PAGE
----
Let us peruse first the evidence at the stage of the prosecution in particular whether based on the adduced evidence a prima facie case was indeed established. We begin by discussing the issue of the complete break in the chain of evidence and that there were discrepancies in the number of exhibits. The strength of the prosecution’s case here principally lies on the DNA evidence, the very tool to establish effectively its case. It is all well and good to successfully procure the samples and pieces of evidence on the scene, but they could also be the cause of the appellant’s acquittal if the investigating officers handling the exhibits were to do a shoddy job when packing, marking, identifying or ensuring their integrity. Dr. Kasinathan Nadesan in “Forensic Medicine and Science” at page 261 authored:


“As a general guideline, items such as clothing bearing bloodstains or other biological evidence are packaged in paper. Placement in plastic bags would result in bacterial growth and growth of mould and therefore should be avoided. All items, if damp, or wet, should be air-dried (not under the sun) prior to packaging.




Small items should be submitted in its entirety. Each item should be separately packed, properly sealed, avoiding contamination due to potential breakage….”.


For that matter, poor handling of the exhibits by the learned Deputy Public Prosecutor when tendering the exhibits in the course of the hearing, could undo any good investigation. The main thrust of the defence here is just that and I now proceed to discuss those errors.


Much of the evidence pertaining to the taking of the swabs came from SP13 and SP23 who were supposed to be hands on with the investigation. SP13 testified that having inspected the van and the surrounding areas he noticed spots of blood at several places and strands of hairs in the van. He then took samples of the blood from different locations. SP23, on 28.3.2003, took samples of blood from a spanner found at the garage (Rekod Rayuan 160). At pages 97 and 399 of the Rekod Rayuan C1 was marked as the spanner, but regretfully, there is no evidence who marked it and what happened to it, hence creating much doubt about that spanner. On 29.3.2003 at about 2.30 p.m. he took three swabs from the Proton Waja and five swabs from the van. Unfortunately, that was all that he said about them. He repeated the above mistakes of SP13 and never clarified what happened to those eight swabs. Dr. Kasinathan Nadesan also had occasion to state “when evidence is recovered, there is a requirement that the evidence or its proximal container be labeled with the name or initials of the recovering officer, date and time of collection, identity, marking etc.” We therefore do not know where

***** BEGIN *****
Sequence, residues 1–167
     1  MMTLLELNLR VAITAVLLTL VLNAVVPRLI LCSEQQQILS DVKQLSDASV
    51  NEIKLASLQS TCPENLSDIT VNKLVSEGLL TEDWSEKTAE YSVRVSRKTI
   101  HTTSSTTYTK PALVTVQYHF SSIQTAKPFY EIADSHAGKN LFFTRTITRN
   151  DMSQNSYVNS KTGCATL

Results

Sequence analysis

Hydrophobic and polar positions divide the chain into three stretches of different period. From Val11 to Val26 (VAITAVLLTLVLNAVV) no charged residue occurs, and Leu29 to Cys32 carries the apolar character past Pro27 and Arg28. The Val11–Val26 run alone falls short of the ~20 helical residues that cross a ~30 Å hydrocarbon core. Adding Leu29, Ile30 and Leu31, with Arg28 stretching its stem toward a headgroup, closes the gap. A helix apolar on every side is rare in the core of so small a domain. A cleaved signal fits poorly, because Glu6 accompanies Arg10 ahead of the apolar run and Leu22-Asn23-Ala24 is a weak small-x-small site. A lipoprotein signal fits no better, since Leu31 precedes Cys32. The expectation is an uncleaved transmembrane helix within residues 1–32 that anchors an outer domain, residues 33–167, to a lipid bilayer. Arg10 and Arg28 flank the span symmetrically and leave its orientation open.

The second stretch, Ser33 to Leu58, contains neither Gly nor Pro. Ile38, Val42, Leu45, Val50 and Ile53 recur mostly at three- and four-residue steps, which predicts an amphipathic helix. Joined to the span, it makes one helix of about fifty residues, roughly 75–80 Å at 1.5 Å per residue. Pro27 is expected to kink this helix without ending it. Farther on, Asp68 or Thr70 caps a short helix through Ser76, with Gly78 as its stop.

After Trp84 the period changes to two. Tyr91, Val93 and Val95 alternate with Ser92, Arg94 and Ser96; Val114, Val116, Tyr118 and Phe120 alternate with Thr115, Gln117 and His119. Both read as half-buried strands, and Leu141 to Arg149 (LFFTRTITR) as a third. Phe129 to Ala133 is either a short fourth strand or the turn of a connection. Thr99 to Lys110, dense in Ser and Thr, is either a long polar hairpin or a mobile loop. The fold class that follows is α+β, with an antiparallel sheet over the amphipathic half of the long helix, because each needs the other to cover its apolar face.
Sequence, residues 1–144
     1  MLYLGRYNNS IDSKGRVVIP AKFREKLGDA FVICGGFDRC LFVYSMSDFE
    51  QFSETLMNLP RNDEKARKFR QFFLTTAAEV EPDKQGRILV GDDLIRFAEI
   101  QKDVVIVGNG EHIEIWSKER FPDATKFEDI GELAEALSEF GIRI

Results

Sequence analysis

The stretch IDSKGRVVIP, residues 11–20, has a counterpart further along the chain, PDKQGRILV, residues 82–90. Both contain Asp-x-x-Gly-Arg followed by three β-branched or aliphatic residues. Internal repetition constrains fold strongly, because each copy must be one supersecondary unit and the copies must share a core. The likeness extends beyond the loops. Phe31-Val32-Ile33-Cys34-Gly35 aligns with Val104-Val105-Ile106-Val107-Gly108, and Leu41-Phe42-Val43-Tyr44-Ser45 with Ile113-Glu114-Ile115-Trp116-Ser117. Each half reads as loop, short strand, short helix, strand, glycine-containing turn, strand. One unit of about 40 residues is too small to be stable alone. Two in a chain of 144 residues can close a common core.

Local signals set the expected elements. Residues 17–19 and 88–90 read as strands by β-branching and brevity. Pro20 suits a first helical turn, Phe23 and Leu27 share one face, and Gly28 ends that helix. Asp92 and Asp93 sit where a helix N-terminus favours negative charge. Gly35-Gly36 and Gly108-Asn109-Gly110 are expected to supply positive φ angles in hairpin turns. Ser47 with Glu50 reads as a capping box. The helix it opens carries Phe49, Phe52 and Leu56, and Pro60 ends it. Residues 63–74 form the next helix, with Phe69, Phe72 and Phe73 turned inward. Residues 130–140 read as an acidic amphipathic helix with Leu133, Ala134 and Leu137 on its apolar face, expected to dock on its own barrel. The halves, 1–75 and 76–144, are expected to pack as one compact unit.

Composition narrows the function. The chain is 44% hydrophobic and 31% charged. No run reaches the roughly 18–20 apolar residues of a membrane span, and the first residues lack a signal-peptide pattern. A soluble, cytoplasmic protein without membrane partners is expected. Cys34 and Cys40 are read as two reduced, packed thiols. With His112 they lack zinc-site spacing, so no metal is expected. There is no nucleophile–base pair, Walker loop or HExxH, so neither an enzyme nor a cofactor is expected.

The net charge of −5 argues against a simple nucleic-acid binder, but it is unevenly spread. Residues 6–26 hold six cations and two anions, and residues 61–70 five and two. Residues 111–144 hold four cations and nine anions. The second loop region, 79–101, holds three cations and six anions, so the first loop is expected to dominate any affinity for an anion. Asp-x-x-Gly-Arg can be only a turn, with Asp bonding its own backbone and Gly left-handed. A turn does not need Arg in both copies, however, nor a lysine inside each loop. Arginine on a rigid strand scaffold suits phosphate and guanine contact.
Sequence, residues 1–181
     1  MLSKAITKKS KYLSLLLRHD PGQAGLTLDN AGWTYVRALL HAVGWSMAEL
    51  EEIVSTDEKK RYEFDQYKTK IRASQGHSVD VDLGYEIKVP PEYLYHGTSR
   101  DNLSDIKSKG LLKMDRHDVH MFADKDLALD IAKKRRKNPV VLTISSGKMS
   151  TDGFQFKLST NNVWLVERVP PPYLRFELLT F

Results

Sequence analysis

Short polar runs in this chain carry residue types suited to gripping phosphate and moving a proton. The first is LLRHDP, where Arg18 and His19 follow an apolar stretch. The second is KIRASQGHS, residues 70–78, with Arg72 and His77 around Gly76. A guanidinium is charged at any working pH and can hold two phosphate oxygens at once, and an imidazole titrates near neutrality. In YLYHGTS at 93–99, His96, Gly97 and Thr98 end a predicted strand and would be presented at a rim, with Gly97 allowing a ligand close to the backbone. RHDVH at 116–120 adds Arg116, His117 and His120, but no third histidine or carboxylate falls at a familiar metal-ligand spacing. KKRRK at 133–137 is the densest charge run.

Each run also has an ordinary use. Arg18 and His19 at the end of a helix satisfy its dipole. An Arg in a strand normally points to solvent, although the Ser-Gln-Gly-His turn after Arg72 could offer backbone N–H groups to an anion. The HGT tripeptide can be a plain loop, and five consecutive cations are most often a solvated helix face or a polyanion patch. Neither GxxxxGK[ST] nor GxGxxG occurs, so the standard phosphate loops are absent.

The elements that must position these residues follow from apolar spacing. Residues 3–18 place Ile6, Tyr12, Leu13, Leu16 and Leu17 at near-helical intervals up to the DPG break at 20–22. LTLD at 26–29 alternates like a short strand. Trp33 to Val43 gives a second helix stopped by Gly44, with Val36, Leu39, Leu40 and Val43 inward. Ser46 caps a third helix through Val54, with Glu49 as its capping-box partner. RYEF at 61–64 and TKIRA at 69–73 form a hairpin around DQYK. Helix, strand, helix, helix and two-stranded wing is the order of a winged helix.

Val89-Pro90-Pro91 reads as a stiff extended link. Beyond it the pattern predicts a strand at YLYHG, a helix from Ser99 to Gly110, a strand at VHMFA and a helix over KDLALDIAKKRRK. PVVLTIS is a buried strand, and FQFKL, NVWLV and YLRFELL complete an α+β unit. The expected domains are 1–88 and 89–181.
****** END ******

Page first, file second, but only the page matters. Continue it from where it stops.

the eight swabs went or whether had inadvertently been mingled with the swabs of SP13. Jyotirmoy Adhikary in DNA Technology in Administration of Justice at page 39 had occasion also to author:


“The ability to perform successful DNA analysis on biological evidence recovered from a crime scene depends very much on what kinds of specimens were collected and how were they preserved …. If it is not properly collected, its biological activity may be lost. If it is improperly packaged, cross contamination might occur.


And if the DNA evidence is not properly preserved, decomposition and deterioration may well occur. Any of these effects seriously affect the outcome on DNA typing”


In Public Prosecutor v Richard Chia Kok Hiong [2007] 3 MLJ 129 under held (1) the court said.


“…Equally important, was the need for stringent


measures to be adopted to safeguard the integrity of exhibits when they were collected, handled and stored prior to the items reaching the laboratory”


There was no evidence that the swab from the spanner collected by the investigating officer (SP23) did not contaminate the other swabs and vice versa. Having considered the totality of the evidence and guided by the above references, this panel discovered that he had seriously erred when he said nothing about:




i. how they were taken;


ii. the stringent measures taken while lifting the traces of blood in order to ensure their purity;